Skip to content

Monthly Musing: Why Forgive?

I often get asked this important question: “WHY should I forgive?” Just the thought of forgiving someone who has caused major hurt, pain, and disruptions will most likely usurp feelings of anger often accompanied by a faster heartbeat and someone’s blood pressure going through the roof. The natural response is, “he or she is not worthy of forgiveness and deserves to fry in hell.” In fact, that was the exact response of my closest friend when my son, Tariq, was senselessly murdered in 1995. Many of my other friends felt that way also and could not understand WHY I chose to forgive. This was 26 years ago, and I can say—unequivocally—it was the right decision for me.
Read on to learn more about how I came to have the strength to forgive my son’s killer and how I have created an amazing life through that one choice to let go of something I had no control over. I have an important revelation in the Question of the Month section that will help you enhance your spiritual resiliency training today!
My journey to forgiveness started with meditation. I grew up in the Sufi tradition (the metaphysical interpretation of Islam) which emphasizes the importance of an equally strong spiritual foundation to building one’s career. When Tariq was alive, I worked as an international investment banker traveling the world, stayed and ate at 5-star hotels and restaurants, and enjoyed a joyful social life. That suddenly and abruptly came to a full stop with Tariq’s death. I routinely flew in from London, changed suitcases, and flew to Tokyo with plenty of stamina. Upon his death, it literally took all my willpower to climb out of bed. All that limitless energy had evaporated.
My spiritual teacher gave me the sage advice, “How you respond to this tragedy is going to determine the rest of your life!”
I was in the prime of my life, in my early 40’s and feeling healthy, happy, and successful. I thought about it a lot and asked myself, “How DO I move forward?” I could not sleep nor eat, my internal system went haywire, I lost the will to live, and the only thing I could do was to meditate. In those early days, I meditated about 5 to 6 hours a day—a meditation practice I had started and honed in over the previous 20 years. It was in a powerful “download” from my meditations that I realized that if I did not forgive, I would remain a victim for the rest of my life and would probably wither into an illness or take my own life (which at one time I did consider).
I wanted that full life back! We all do! I recognized that living as a victim was going through life on crutches. Who wants to do that? Living in hatred and resentment often manifests into fatal illnesses like cancer. Essentially it is self-abuse—I often jest that you might as well take a whip and flog yourself. In seriousness, clinical studies have clearly proven that forgiveness promotes good health. This data comes from several reputable sources; Stanford has a forgiveness project ran by a good friend, Fred Luskin, who teaches, “Amend the way you look at your past so you remind yourself of your heroic choice to forgive.”
The wise advice above, that how I responded to Tariq’s tragedy would determine the quality of the rest of my life, played in my head like a broken record. I desperately wanted my full life back. I responded with forgiveness and set myself free from the self-abuse caused by holding onto all the anger, hate, blame, and resentment.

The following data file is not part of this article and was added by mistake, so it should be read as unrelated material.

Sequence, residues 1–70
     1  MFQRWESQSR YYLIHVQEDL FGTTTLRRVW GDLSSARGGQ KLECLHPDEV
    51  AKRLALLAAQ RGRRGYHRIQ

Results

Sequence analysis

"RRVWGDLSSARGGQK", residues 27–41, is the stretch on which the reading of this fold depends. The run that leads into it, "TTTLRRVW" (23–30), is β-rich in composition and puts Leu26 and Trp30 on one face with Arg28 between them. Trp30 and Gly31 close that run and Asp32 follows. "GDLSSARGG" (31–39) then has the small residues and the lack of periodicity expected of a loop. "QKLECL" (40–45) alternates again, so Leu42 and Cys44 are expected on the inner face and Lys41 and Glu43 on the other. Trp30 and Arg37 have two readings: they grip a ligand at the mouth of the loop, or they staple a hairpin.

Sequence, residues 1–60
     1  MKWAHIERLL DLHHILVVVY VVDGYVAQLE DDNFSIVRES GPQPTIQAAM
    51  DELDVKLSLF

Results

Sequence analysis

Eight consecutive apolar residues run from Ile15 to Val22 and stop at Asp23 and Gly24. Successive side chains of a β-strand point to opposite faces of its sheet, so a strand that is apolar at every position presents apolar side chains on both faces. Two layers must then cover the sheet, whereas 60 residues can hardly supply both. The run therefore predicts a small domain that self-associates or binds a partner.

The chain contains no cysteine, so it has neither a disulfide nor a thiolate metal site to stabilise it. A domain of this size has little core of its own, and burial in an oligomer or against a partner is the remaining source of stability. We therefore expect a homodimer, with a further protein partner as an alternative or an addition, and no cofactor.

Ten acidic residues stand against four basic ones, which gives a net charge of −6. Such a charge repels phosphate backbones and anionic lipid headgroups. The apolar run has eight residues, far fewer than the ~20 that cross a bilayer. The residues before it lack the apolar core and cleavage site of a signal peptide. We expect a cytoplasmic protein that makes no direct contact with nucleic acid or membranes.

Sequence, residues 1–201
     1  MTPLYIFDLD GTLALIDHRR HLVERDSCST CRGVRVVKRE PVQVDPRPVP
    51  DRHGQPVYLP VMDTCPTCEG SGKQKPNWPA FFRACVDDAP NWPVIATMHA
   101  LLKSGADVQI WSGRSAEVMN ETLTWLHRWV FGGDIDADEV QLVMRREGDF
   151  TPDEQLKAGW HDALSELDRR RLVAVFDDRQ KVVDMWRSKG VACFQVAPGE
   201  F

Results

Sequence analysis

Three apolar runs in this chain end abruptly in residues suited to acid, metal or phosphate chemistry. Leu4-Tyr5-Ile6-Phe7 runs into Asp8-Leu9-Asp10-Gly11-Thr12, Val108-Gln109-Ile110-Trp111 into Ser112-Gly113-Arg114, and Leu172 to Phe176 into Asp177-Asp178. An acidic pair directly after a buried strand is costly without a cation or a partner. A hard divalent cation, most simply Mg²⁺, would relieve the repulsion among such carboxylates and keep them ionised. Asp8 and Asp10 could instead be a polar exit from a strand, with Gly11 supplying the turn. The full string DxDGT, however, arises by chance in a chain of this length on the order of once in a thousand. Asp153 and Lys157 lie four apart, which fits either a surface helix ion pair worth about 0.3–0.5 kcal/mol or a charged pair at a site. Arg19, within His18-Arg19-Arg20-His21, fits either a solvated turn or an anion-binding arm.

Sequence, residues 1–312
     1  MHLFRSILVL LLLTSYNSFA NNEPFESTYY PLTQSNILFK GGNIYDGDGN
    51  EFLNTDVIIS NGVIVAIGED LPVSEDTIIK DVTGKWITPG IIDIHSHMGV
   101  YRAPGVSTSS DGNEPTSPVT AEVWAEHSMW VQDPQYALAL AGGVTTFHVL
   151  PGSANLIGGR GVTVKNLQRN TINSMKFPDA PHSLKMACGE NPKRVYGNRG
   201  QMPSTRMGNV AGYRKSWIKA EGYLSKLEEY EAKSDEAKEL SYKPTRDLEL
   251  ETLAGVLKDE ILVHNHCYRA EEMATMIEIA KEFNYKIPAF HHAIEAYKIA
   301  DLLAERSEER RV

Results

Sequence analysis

Now, I have a very full, meaningful, and fulfilling life again, operating at my zenith! How did I do that? The short answer is spiritual resiliency! What saved me was that strong spiritual foundation I had developed through meditation over the previous 20+ years. Forgiveness towards the offending party can be one of the toughest challenges we mortals face. Often, we stay mired in anger and deep resentment when we experience a hard hit. Do you want to spend the rest of your life in hatred or peace?
For people that are spiritually fragile, forgiveness is like a dirty word. After being hit or betrayed, they may actually be offended by the idea of forgiving the person or people responsible for the hit they have taken. On the other hand, spiritually resilient people understand the profound power of forgiveness. They practice it and understand that forgiveness is a gift to themselves because it can free them from residual anger and pain left by an intrusion or harm experienced in a situation or by a person. As taught by Lewis Smedes: “To forgive is to set a prisoner free and find out that the prisoner was you.”
When you understand the real meaning of forgiveness you will send your spiritual resiliency through the roof. The precursor to forgiveness is compassion, the precursor to compassion is empathy. Commit to strengthening your empathy, compassion, and forgiveness muscles–they will serve you well to navigate and thrive from life’s hardest hits.
In closing, an important lesson to learn is that all emotions have a frequency. Anger, hatred, resentment, judgment, greed, avarice, and bitterness are low-frequency emotions. Happiness and abundance do not flourish in minds and hearts that are operating from these lower frequencies. Whereas goodwill, friendship, trust, empathy, compassion, gratitude, love, and forgiveness are high-frequency emotions. This is where happiness and the fullness of life reside. At any given time, it is not complicated to know from which frequency of emotions you are vibrating.
Forgiveness is a blessing, and a blessing is when preparation meets grace. Preparation is about enhancing your spiritual resiliency–I teach and continue to work on this as a daily practice. Having done this work for 25+ years, I am spending more time in the higher frequency emotions and I am happier, healthier, and in the full flow of life. You can too!
Peace and many blessings on your journey forward,
Azim Khamisa


Click below to receive Azim's Monthly Musings in your inbox.